Talk:Durin's Folk

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I've got a couple of things I'd like to ask people about:

1) Shouldn't this be Durin's Folk? I've just flicked through my Appendix A and although Tolkien isn't consistent - in my copy (this might've been ironed out in the 50th) - he uses "Durin's Folk" six times compared to "Durin's folk" once. He also mentions the "Folk of Durin" too. It'd also be consistent with the following...

2) (This should probably go over with Kings of Durin's Folk but I'm putting it here because it's related and I don't want to clutter up Recent Changes with lots of Talk page rubbish.) "Durin's line" redirects to "Kings of Durin's Folk". I know this is a bit pedantic but the line includes all the non-kings (Gimli, Fili, etc. etc.) so shouldn't they be separate and include the family-tree currently in my sandbox? In fact, we could create "House of Durin" and redirect "Durin's line" to that?

3) I also think there's unnecessary overlap between this article and "Kings of Durin's Folk" in that they both repeat the line of Kings. Both slightly messily and clumsily, admittedly.

Any objections to my making these changes? --Mith (Talk/Contribs/Edits) 17:21, 18 December 2009 (UTC)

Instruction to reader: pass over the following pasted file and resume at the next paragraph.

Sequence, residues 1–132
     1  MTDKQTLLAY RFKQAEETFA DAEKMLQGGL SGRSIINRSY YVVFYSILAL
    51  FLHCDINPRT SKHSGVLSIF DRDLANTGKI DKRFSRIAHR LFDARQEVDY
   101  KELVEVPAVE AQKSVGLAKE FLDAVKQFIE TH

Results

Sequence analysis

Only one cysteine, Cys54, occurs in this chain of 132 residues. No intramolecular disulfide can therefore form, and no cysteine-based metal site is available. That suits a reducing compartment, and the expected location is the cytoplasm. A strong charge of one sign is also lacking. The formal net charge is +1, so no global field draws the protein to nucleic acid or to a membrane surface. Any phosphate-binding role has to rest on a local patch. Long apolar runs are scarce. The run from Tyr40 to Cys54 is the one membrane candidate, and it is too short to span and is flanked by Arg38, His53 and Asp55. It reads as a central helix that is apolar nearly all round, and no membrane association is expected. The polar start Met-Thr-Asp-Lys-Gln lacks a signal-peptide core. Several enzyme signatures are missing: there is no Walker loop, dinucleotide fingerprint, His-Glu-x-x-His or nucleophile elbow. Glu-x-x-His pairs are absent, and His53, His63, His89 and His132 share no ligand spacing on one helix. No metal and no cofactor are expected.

+1. "Durin's Folk" looks much better to me.--Morgan 18:03, 18 December 2009 (UTC)
I think this should be "Durin's Folk", and describe the third part of Appendix A, rather than being a duplicate of the Kings article. --Ederchil (Talk/Contribs/Edits) 18:29, 18 December 2009 (UTC)


I have added a reference to the inspiration paragraph. Then I have seen, that there were several reversions before. I don't really understand them.-- 19:56, 28 July 2022 (UTC)

In my opinion the Inspiration section with the speculation about the Lombards as an "inspiration" for the Longbeard dwarves should be deleted. It is a mere speculation and not very interesting in my opinion. As far as I am aware of J.R.R. Tolkien never said, that the Lombards (i.e. the germanic people that established a realm in Italy) were his inspiration for the Longbeard dwarves, although J.R.R. Tolkien knew Langobardic legends and was familiar with the etymology of the name Lombards and with the history of the Langobards. On the contrary J.R.R. Tolkien mentioned in an interview with the BBC from 1965 that some aspects of medieval Jews are shown in the dwarves in general (The History of the Hobbit, chapter I(c) The Adventure continues, section (i) The Dwarves, last paragraph). --Akhorahil 08:19, 29 July 2022 (UTC)